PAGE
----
Outline
  • Latent semantic indexing
  • Dimensionality reduction
  • LSI in information retrieval
slide23

Why we use LSI in information retrieval

  • LSI takes documents that are semantically similar (= talk aboutthe same topics), . . .
  • . . . but are not similar in the vector space (because they use different words) . . .
  • . . . and re-represents them in a reduced vector space . . .
  • . . . in which they have higher similarity.
  • Thus, LSI addresses the problems of synonymy and semantic relatedness.
  • Standard vector space: Synonyms contribute nothing to documentsimilarity.
  • Desired effect of LSI: Synonyms contribute strongly to documentsimilarity.

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slide24

How LSI addresses synonymy and semantic relatedness

  • The dimensionality reduction forces us to omit a lot of “detail”.
  • We have to map differents words (= different dimensions of the full space) to the same dimension in the reduced space.
  • The “cost” of mapping synonyms to the same dimension is much less than the cost of collapsing unrelated words.
  • SVD selects the “least costly” mapping (see below).
  • Thus, it will map synonyms to the same dimension.
  • But it will avoid doing that for unrelated words.

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slide25

LSI: Comparison to other approaches

  • Recap: Relevance feedback and query expansion are used to increase recall in information retrieval – if query and documents have (in the extreme case) no terms in common.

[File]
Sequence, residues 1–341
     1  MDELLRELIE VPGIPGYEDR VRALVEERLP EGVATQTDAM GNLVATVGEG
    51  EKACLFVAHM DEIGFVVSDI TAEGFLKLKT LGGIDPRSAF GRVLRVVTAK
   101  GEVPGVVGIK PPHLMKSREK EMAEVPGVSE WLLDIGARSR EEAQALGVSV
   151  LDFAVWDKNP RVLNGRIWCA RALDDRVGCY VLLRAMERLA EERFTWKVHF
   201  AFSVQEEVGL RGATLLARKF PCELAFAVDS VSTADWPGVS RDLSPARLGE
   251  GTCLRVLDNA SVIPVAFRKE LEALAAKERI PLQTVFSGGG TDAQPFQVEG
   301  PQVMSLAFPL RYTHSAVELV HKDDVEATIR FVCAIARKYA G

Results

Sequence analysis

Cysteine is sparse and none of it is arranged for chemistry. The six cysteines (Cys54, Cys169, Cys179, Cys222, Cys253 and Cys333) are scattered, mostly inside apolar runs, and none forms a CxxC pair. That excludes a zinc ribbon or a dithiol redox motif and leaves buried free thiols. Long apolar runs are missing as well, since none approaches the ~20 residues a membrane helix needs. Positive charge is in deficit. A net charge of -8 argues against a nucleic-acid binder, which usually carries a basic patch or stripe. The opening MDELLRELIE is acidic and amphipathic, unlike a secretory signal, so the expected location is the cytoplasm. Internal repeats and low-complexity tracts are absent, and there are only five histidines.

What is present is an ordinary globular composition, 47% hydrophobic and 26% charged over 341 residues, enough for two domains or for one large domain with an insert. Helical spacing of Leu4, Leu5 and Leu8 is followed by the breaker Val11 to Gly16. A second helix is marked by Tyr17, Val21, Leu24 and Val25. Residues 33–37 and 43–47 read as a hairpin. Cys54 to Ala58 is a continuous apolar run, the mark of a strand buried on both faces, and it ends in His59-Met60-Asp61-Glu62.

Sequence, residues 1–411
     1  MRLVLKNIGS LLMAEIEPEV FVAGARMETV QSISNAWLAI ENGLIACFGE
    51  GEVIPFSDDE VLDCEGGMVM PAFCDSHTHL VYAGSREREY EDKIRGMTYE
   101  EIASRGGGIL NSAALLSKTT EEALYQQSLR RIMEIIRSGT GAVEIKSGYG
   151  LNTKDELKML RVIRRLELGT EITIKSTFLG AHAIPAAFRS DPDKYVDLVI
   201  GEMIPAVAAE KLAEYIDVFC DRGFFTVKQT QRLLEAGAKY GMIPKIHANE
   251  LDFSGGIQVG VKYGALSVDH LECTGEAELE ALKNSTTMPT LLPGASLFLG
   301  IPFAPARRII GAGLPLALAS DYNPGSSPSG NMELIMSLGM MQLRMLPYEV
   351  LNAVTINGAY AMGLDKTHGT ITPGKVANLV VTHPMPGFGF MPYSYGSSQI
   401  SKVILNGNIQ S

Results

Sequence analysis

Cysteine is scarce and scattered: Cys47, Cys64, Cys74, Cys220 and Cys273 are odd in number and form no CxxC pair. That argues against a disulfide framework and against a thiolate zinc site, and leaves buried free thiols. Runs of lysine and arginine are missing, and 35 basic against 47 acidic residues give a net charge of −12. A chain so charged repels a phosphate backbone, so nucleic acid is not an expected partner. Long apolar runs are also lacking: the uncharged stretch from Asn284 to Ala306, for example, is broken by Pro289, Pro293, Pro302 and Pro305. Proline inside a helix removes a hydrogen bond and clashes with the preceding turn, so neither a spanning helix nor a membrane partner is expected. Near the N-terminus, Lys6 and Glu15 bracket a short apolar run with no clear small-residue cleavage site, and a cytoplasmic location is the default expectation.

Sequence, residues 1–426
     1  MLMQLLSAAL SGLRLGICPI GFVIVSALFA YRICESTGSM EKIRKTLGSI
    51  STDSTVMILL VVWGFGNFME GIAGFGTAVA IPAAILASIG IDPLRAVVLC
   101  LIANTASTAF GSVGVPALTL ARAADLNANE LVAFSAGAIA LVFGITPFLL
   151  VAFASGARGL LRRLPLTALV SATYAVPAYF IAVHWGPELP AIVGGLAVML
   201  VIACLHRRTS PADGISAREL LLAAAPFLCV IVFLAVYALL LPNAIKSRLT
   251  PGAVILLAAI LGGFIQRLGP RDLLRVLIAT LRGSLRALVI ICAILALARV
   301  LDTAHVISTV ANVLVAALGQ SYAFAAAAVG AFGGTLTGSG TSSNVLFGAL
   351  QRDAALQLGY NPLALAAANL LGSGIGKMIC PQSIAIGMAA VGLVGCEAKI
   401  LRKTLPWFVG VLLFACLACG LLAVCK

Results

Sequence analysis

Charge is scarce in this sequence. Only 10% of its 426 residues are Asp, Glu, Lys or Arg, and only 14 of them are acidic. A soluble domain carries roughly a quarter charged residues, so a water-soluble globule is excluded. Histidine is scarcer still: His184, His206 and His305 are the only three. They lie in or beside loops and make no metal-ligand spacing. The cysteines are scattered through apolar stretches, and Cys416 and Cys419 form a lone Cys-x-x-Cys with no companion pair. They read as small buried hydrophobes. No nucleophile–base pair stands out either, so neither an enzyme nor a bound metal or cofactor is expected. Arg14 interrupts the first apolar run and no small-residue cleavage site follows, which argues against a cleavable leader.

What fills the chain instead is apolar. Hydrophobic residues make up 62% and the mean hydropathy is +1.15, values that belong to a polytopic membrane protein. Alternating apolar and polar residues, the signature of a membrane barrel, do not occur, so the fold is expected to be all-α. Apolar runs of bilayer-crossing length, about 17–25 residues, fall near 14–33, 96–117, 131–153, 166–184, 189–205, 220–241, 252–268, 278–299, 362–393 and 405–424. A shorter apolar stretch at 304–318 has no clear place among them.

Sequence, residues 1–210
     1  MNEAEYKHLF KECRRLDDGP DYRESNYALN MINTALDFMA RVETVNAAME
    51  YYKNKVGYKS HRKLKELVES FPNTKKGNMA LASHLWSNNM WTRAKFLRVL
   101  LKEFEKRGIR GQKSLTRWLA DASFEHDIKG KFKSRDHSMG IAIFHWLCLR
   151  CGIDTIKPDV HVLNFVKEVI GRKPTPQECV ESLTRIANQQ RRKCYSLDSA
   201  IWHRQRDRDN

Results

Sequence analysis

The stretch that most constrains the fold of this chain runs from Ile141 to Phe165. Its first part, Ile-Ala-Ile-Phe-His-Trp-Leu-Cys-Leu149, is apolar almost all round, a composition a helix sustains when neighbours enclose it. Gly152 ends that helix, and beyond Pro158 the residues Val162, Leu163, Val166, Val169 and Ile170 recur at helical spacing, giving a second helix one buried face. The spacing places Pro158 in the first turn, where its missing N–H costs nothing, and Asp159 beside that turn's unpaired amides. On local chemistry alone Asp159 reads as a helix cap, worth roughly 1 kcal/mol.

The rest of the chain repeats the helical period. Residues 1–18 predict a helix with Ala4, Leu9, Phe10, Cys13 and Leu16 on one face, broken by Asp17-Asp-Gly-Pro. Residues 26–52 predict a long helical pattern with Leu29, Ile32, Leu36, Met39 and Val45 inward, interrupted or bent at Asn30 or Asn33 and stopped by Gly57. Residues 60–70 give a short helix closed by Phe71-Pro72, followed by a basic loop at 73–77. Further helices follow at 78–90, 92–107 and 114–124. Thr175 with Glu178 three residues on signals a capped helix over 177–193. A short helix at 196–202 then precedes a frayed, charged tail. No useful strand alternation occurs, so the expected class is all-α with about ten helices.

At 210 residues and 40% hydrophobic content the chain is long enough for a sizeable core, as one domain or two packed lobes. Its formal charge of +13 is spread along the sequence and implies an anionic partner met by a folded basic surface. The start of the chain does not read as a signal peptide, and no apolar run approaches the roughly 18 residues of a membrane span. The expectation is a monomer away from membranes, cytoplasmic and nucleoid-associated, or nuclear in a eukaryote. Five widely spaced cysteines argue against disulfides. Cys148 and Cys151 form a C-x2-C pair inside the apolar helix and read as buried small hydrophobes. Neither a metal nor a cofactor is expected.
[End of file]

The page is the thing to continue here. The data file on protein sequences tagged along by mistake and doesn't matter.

• LSI increases recall and hurts precision.
  • Thus, it addresses the same problems as (pseudo) relevance feedbackandqueryexpansion . . .
  • . . . and it has the same problems.

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slide26

Implementation

  • Compute SVD of term-document matrix
  • Reduce the space and compute reduced document representations
  • Map the query into the reduced space
  • This follows from:
  • Compute similarity of q2 with all reduced documents in V2.
  • Output ranked list of documents as usual
  • Exercise: What is the fundamental problem with this approach?

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slide27

Optimality

  • SVD is optimal in the following sense.
  • Keeping the k largest singular values and setting all others to zero gives you the optimal approximation of the original matrixC. Eckart-Young theorem
  • Optimal: no other matrix of the same rank (= with the same underlying dimensionality) approximates C better.
  • Measure of approximation is Frobeniusnorm:
  • So LSI uses the “best possible” matrix.
  • Caveat: There is only a tenuous relationship between the Frobeniusnorm and cosine similarity between documents.

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Resources

  • Chapter 18 of IIR
  • Resources at http://ifnlp.org/ir
    • Original paper on latent semantic indexing by Deerwester et al.
    • Paper on probabilistic LSI by Thomas Hofmann
    • Word space: LSI for words